The specimens were prepared according to the dimensions specified in the standard, maintaining a constant width of 13 mm. To achieve a span-to-thickness ratio of 16:1, a span length of 152 mm was selected for the samples, which had a consistent thickness of 9.5 mm. Flexural tests were performed on a Dak’s system series 9000, equipped with 3-point bending test apparatus, universal testing machine equipped with a 5 kN load cell.

2.2.3 ILSS

An ILSS test was conducted per ASTM D2344-84. The crosshead speed was kept at 2 mm per minute. Five identical specimens were examined for various weight percentages of cenosphere filler, and an average result was determined. Equation 2 was used to calculate ILSS.


2.2.4 Impact strength

The Charpy impact test may be used to determine how much energy is absorbed when a typical specimen breaks under the effect of an impact force. The specimens and the test were conducted as directed. The specimens for the Charpy impact test were created in accordance with ASTM D6110-18, the dimension of the specimen is 80 mm span length and 10 mm width. A Zwick/Roell Charpy impact test machine (HIT50P) was used for the testing in accordance with the ISO 179/1fU CHARPY.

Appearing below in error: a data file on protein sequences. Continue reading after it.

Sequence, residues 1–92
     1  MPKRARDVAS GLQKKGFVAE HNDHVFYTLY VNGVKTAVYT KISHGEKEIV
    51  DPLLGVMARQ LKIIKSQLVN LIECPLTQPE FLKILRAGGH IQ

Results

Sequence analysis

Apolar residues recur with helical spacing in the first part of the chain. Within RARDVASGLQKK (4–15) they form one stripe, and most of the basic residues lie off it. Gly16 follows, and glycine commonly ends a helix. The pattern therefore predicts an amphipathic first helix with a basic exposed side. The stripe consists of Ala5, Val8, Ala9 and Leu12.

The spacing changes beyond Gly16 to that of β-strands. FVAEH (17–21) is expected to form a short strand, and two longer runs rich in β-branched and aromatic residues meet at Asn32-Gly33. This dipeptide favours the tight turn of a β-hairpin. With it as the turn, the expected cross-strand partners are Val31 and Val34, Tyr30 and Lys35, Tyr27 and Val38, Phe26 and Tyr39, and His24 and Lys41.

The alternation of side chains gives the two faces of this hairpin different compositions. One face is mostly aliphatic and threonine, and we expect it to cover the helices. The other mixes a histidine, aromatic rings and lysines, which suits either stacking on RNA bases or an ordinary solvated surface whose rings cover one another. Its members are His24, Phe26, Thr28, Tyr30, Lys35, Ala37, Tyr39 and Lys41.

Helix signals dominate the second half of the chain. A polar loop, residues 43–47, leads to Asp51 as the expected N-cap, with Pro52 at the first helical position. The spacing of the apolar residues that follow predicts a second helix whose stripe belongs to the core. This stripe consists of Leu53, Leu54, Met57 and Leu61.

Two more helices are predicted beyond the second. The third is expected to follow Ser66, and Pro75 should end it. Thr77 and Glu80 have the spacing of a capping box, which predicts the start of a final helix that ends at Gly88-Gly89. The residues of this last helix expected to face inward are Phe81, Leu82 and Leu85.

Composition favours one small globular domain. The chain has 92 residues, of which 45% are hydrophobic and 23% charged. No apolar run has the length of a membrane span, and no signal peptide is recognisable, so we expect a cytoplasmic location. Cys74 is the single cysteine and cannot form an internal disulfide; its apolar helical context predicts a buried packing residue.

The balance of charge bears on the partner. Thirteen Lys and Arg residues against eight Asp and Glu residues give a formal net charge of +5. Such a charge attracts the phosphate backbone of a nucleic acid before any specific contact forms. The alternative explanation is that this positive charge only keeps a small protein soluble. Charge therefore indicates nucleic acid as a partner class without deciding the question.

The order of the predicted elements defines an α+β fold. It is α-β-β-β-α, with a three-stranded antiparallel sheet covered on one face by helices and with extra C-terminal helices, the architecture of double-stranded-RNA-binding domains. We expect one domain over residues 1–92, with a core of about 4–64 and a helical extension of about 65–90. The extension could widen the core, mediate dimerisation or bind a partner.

3 Results and discussion

Table 3 shows a summary of the mechanical property’s outcomes obtained from mechanical testing of the manufactured composites.

Table 3 Consolidated mechanical properties of the proposed composites

3.1 Mechanical properties

3.1.1 Tensile strength

Figure 3 displays the variation of the sandwich composite laminates tensile strength for different levels of cenosphere. It is discovered that adding cenosphere as additional constituents in the composite from 5 to 15 wt.% boosts the composite’s tensile strength. Tensile strength declines as cenosphere are added further (20 wt.%) [34,35,36]. This might have happened as a result of a chemical reaction at the interaction in between epoxy matrix and cenosphere leading to disrupted matrix continuity, or it may have occurred because of the irregularly shaped particles that cause stress concentration in the epoxy matrix. S-C15 exhibits a tensile strength of 2075.22 MPa, which is 60.8% higher than unfilled S-C0 composite, which exhibits a tensile strength of 1290.5 MPa. The fractured specimen subjected to tensile test is presented in Fig. 4.

Fig. 3
figure 3

Variation in a stress stain curve and b tensile strength of proposed sandwich composites